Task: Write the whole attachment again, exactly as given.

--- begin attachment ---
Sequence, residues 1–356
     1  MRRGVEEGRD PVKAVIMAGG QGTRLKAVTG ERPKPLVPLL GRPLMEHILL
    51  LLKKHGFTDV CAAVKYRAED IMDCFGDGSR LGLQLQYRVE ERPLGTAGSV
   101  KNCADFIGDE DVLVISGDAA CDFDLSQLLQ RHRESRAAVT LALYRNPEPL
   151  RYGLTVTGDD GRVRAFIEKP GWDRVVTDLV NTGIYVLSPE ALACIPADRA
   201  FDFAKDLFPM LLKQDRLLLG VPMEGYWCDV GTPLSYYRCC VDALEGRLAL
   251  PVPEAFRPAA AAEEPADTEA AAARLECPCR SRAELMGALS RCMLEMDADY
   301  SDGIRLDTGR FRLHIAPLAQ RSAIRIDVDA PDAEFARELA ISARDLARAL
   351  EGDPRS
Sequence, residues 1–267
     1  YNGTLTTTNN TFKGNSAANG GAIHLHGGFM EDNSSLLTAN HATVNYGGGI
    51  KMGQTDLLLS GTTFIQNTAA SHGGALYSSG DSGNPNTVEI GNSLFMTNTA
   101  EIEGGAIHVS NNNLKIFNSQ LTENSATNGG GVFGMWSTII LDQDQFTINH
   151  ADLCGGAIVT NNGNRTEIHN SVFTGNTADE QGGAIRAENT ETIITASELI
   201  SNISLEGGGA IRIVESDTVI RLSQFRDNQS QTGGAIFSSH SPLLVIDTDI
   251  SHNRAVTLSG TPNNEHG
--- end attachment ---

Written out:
Sequence, residues 1–356
     1  MRRGVEEGRD PVKAVIMAGG QGTRLKAVTG ERPKPLVPLL GRPLMEHILL
    51  LLKKHGFTDV CAAVKYRAED IMDCFGDGSR LGLQLQYRVE ERPLGTAGSV
   101  KNCADFIGDE DVLVISGDAA CDFDLSQLLQ RHRESRAAVT LALYRNPEPL
   151  RYGLTVTGDD GRVRAFIEKP GWDRVVTDLV NTGIYVLSPE ALACIPADRA
   201  FDFAKDLFPM LLKQDRLLLG VPMEGYWCDV GTPLSYYRCC VDALEGRLAL
   251  PVPEAFRPAA AAEEPADTEA AAARLECPCR SRAELMGALS RCMLEMDADY
   301  SDGIRLDTGR FRLHIAPLAQ RSAIRIDVDA PDAEFARELA ISARDLARAL
   351  EGDPRS
Sequence, residues 1–267
     1  YNGTLTTTNN TFKGNSAANG GAIHLHGGFM EDNSSLLTAN HATVNYGGGI
    51  KMGQTDLLLS GTTFIQNTAA SHGGALYSSG DSGNPNTVEI GNSLFMTNTA
   101  EIEGGAIHVS NNNLKIFNSQ LTENSATNGG GVFGMWSTII LDQDQFTINH
   151  ADLCGGAIVT NNGNRTEIHN SVFTGNTADE QGGAIRAENT ETIITASELI
   201  SNISLEGGGA IRIVESDTVI RLSQFRDNQS QTGGAIFSSH SPLLVIDTDI
   251  SHNRAVTLSG TPNNEHG